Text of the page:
Local Versus Nonlocal Boundary-Layer Diffusion in a Global Climate Model

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  • 1 Royal Netherlands Meteorological Institute (KNMI), De Bill, the Netherlands
  • | 2 National Center for Atmospheric Research,Boulder, Colorado
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Abstract

The results of a local and a nonlocal scheme for vertical diffusion in the atmospheric boundary layer are compared within the context of a global climate model. The global model is an updated version of the NCAR Community Climate Model (CCM2). The local diffusion scheme uses an eddy diffusivity determined independently at each point in the vertical, based on local vertical gradients of wind and virtual potential temperature, similar to the usual approach in global atmospheric models. The nonlocal scheme determines an eddy-diffusivity profile based on a diagnosed boundary-layer height and a turbulent velocity scale. It also incorporates nonlocal (vertical) transport effects for heat and moisture.

The two diffusion schemes are summarized, and their results are compared with independent radiosonde observations for a number of locations. The focus herein is on the temperature and humidity structure over ocean, where the surface temperatures are specified, since the boundary-layer scheme interacts strongly with the land-surface parameterization. Systematic differences are shown in global-climate simulations, with CCM2 using the two schemes. The nonlocal scheme transports moisture away from the surface more rapidly than the local scheme, and deposits the moisture at higher levels. The local scheme tends to saturate the lowest model levels unrealistically, which typically leads to clouds too low in the atmosphere.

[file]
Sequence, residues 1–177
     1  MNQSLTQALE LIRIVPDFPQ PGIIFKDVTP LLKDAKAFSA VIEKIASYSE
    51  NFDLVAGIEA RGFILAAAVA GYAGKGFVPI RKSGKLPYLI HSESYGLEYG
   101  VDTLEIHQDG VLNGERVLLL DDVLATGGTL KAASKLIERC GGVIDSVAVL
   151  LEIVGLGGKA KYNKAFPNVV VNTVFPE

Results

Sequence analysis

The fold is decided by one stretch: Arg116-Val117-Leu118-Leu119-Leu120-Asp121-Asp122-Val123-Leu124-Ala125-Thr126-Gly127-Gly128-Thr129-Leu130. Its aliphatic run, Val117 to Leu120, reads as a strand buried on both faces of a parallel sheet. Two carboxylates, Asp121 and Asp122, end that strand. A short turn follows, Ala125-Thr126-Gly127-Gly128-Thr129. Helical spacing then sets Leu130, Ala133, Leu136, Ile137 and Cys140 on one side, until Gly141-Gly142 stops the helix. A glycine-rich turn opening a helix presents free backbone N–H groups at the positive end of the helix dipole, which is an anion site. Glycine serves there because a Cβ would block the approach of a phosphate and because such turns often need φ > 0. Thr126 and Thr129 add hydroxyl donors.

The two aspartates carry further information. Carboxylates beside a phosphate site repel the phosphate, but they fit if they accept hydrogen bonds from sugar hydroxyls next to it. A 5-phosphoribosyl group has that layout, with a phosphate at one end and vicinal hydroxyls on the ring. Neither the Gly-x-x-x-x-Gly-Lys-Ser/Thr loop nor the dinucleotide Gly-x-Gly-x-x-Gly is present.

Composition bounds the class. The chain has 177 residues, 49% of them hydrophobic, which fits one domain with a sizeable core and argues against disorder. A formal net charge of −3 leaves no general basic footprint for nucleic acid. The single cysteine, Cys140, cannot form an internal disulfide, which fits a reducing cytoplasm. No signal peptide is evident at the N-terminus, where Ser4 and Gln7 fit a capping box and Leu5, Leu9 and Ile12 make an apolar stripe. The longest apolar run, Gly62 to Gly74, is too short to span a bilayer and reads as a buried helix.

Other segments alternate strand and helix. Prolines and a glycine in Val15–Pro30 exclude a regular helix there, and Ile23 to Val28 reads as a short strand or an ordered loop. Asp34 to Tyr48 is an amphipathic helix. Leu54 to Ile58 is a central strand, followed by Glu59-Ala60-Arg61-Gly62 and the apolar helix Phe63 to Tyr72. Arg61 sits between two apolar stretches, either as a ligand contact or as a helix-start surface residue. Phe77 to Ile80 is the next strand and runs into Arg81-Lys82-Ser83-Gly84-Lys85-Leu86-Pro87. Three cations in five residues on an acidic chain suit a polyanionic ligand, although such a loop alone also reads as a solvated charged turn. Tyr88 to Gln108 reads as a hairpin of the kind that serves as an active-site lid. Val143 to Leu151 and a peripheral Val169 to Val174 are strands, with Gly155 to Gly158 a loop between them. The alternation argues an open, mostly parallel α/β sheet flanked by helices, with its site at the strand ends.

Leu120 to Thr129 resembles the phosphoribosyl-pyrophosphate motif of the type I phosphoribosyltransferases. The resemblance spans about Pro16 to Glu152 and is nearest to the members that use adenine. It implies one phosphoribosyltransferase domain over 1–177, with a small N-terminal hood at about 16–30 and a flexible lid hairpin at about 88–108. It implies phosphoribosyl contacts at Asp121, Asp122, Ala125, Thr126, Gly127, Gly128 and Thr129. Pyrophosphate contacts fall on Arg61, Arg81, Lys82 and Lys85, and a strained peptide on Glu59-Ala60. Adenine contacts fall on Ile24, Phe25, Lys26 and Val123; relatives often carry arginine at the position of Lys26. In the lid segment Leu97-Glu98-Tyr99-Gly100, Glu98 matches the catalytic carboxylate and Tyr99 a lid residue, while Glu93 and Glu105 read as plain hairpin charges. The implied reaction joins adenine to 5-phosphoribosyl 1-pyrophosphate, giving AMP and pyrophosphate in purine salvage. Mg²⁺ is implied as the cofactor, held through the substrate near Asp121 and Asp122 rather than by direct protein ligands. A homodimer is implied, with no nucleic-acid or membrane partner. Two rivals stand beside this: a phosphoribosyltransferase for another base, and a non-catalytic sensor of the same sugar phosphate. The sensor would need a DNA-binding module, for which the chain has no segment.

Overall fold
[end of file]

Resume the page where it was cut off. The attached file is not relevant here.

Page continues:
The nonlocal scheme has been chosen for CCM2 because of its more comprehensive representation of the physics of boundary-layer transport in dry convective conditions.

Abstract

The results of a local and a nonlocal scheme for vertical diffusion in the atmospheric boundary layer are compared within the context of a global climate model. The global model is an updated version of the NCAR Community Climate Model (CCM2). The local diffusion scheme uses an eddy diffusivity determined independently at each point in the vertical, based on local vertical gradients of wind and virtual potential temperature, similar to the usual approach in global atmospheric models. The nonlocal scheme determines an eddy-diffusivity profile based on a diagnosed boundary-layer height and a turbulent velocity scale. It also incorporates nonlocal (vertical) transport effects for heat and moisture.

The two diffusion schemes are summarized, and their results are compared with independent radiosonde observations for a number of locations. The focus herein is on the temperature and humidity structure over ocean, where the surface temperatures are specified, since the boundary-layer scheme interacts strongly with the land-surface parameterization. Systematic differences are shown in global-climate simulations, with CCM2 using the two schemes. The nonlocal scheme transports moisture away from the surface more rapidly than the local scheme, and deposits the moisture at higher levels. The local scheme tends to saturate the lowest model levels unrealistically, which typically leads to clouds too low in the atmosphere.

The nonlocal scheme has been chosen for CCM2 because of its more comprehensive representation of the physics of boundary-layer transport in dry convective conditions.

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